What do I think of Tanya Taylor’s book? Let’s plunge into the Deeper Waters and find out.
Someone has murdered the Mother Superior. She’s found by one of the nuns in the convent and that nun before any investigation can be done pulls a knife out of her body. Two other nuns make a survey of the convent. Is anyone else there? Is there any sign of an open window or anything? Nothing.
Naturally, the police are called in who do an investigation of the nuns and interview them all, but there is one person that is known to the detective and apparently to everyone else who does his own investigation. This is Father Joe McCullen. A later event leads to him having a more personal interest in finding out who did the crime.
So who murdered this nun and why would they want to? How was it done? All of these questions are discussed and Father Joe with his position in the community uses his knowledge to get to the bottom of the situation.
At the same time though, he is always a priest. When people are coming to him with concerns they have in the aftermath of what happened, he is right there. When someone needs to go and comfort the nuns and help them work through whatever they are going through with this, he is there again. However, he is not only a priest, but he is a very wise priest. This is a man who lives out his Christian walk and references to that walk are constantly found throughout the book.
At the same time, a Protestant reader can happily enjoy this book. Aside from nuns, I can’t think of anything right off in the book that is really distinctly Catholic. At the same time, I would not have wanted to give up on the book in disgrace if such had been there, but a Protestant reader can find themselves right at home reading this material.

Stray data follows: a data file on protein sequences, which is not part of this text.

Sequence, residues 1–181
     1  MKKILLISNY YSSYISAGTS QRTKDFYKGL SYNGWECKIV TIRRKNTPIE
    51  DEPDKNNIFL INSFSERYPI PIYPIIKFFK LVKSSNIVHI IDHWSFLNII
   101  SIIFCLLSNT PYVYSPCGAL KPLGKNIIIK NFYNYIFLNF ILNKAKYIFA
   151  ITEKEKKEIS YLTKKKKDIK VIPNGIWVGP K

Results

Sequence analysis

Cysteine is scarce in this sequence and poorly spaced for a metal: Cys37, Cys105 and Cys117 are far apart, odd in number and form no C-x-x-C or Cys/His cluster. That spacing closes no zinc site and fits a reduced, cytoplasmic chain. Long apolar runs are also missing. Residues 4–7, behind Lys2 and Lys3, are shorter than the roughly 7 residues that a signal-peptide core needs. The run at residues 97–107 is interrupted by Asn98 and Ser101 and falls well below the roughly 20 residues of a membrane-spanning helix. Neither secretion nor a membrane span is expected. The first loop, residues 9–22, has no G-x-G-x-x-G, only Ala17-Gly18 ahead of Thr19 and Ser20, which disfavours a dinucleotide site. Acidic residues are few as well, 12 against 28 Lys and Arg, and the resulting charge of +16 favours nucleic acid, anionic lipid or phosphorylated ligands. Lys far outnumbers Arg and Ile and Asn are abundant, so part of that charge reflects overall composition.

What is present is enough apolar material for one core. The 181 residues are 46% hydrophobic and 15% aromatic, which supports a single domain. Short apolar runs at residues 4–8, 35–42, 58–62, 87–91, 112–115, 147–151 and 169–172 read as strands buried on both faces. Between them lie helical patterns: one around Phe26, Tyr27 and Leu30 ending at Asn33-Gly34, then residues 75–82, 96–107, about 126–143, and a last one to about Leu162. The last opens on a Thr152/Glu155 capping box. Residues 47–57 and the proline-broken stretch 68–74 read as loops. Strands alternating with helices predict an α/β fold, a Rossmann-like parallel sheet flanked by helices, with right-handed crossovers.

The book is also short as there are just fifteen chapters and I did cheat with one chapter being a couple of pages so I read that in addition to my normal one chapter a day. Because of that, I finished the mystery in two weeks and I did find that I enjoyed it.
I will grant that this is the first one in the series that I have read and so I did find it rather simple to figure out who did the crime and why as the story went on, but seeing how it all worked out was also interesting. The main theme of the book is not to be found in the crime. It’s to be found in the values that the people in the book live by. It is to be found in how a Christian community struggles when one of the worst sins is found in their midst.
If you like a mystery like I do and want to read something that is also family friendly and wholesome, this is a good one. I do know there are other books in the series and I plan to get them as they go on sale, or unless someone feels generous. If you want to get it, you can find it here.
(And I affirm the virgin birth)